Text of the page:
Simon Terry

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The Continuous Partial Attention of Management

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The story is too common in the modern organisation: a team has a member who is not contributing but they go on being a part of the team for months or even years. Waste, frustration and disengagement mount in the team. Despite the negative impacts and length of time the manager responsible does nothing to rectify the underperformance.

We have more performance data than ever. We have more sources of information than ever. We interact in more ways than ever. We live in an age of increased performance transparency.

How Can Sustained Underperformance Be Common?

All that data, information, interaction and transparency brings more for managers to do. Complexity is the fundamental challenge of the modern manager and without careful husbanding of their attention the time of the manager can be subsumed into busy work.

Continuous partial attention has crept into management practice. Challenged to keep up managers are constantly skimming across the top of the work. Interactions with employees are staccato bursts. Busy managers spend less time understanding what is actually going on. Flitting in and out of observation of their employees, managers can be lulled into a false sense of confidence if the numbers look good. 

For an under-performing employee that means the ability to escape action continues as long as the deadline has not yet arrived, the numbers look acceptable and underperfomer has an answer for the first quick query from a manager. The commonest trick is for the under performing employee to send their busy manager an email asking for a complex decision. Likely overlooked or deferred, it becomes an instant performance excuse. Instead of asking for help the employee uses the pressures on their manager as a chance to hide their performance issues. Time, pressure and waste mount up.

In rare cases, managers may see the problem situation but the pressure of other demands means that they do not prioritise action. They trust in the systems, the employee’s peers or the reporting to correct the underperformance or hope that the employee’s lack of action is temporary. These managers prioritise the work and the system over their people to the detriment of everyone.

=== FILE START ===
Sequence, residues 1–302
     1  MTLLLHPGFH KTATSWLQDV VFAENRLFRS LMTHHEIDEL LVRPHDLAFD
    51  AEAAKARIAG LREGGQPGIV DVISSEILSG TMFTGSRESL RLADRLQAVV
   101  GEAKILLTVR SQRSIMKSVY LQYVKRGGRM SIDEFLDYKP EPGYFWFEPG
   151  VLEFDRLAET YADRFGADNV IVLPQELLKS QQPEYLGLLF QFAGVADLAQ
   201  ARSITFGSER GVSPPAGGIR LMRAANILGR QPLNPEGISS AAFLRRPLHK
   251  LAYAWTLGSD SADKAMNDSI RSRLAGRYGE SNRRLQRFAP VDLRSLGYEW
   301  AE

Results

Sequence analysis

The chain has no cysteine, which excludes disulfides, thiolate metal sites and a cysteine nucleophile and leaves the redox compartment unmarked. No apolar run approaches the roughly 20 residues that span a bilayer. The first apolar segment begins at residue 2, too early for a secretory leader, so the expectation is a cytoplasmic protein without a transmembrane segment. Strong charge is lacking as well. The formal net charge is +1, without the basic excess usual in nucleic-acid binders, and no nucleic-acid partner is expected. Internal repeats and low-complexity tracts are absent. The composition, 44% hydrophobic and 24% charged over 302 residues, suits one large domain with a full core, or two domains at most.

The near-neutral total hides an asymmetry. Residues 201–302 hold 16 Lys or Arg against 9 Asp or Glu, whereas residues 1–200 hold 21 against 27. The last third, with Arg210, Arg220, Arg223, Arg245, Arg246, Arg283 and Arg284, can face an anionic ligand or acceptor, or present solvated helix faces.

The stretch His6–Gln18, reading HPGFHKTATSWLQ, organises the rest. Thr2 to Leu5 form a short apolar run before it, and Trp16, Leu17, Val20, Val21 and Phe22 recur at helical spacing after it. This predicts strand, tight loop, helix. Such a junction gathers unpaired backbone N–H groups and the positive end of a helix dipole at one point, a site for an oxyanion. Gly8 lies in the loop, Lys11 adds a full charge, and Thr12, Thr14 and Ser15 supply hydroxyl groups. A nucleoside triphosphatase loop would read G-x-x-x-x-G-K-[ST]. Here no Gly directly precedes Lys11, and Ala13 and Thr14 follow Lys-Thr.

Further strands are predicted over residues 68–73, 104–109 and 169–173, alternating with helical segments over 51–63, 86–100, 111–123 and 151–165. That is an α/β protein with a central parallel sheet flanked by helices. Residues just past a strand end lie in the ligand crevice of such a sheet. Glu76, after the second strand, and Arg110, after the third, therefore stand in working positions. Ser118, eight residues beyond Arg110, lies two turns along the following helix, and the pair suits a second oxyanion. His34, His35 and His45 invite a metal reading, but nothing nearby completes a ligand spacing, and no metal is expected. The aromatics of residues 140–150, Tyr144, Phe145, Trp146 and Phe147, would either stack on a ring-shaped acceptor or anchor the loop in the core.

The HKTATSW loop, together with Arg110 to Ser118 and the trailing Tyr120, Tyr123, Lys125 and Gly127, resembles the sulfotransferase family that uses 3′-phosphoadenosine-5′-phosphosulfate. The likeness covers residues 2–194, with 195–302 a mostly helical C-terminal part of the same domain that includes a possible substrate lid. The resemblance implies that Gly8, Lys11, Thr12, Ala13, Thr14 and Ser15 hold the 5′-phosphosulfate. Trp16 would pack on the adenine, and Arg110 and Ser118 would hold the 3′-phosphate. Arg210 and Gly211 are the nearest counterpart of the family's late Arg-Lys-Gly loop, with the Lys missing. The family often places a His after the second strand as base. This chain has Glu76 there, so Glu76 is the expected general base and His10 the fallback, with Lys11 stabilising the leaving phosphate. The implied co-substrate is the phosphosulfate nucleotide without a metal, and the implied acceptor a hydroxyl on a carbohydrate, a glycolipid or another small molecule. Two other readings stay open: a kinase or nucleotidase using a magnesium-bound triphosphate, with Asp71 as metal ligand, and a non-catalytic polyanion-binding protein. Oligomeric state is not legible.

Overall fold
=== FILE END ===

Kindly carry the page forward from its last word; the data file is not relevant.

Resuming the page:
Refocus the Attention of Management on the Process of Work

Psychological studies show that multitasking & continuous partial attention don’t work. People who practice these approaches feel that they are more effective but aren’t. We need managers to get off the treadmill and reconsider their approaches to performance:

  • Shared Purpose & Goals: In many of these situations the underperformance is simply because the busy manager has not set, clear goals for the employee and the employee has no rationale for their work. Engage employees upfront on the purpose and goals of their work.
  • Enable and Empower: If managers don’t have the bandwidth to guide and manage, organisations must ensure that employees have the ability to manage themselves and their work. That takes an investment in skills and the freedom to make decisions without waiting for a busy manager to respond.
  • Targeted Fast Agile Delivery: Ask an employee to work on a lots of  things for months and they will be as bamboozled by the status & priorities of the project as their manager. Instead ask an employee to deliver a few focused things in a short cycle of delivery. The need for reporting, status updates & chatter goes down as observable delivery increases.
  • Real conversations: Any genuine one-on-one conversations with an employee & their peers of more than 10 minutes will begin to surface the real issues in a team. Asking good questions and listening to hear between the lines of the answers is critical in management. Managers must prioritise this to enable their teams to succeed.
  • Act now: The busy nature of work is not an excuse to defer needed actions or to defer complex decisions. If something triggers a suspicion, then dive in.

Great managers shape the process and performance of the team. Great managers enable every member of their team to realise their potential and contribute to creating a more responsive organisation. They are not slaves to the reporting, information and decisions that flow through them. Managers must step out of continuous partial attention to the ongoing work process and get involved in the design of the work.

The work of leadership is to realise the potential of people. Leaving someone stuck in a rut of continued underperformance is failing that individual’s potential.


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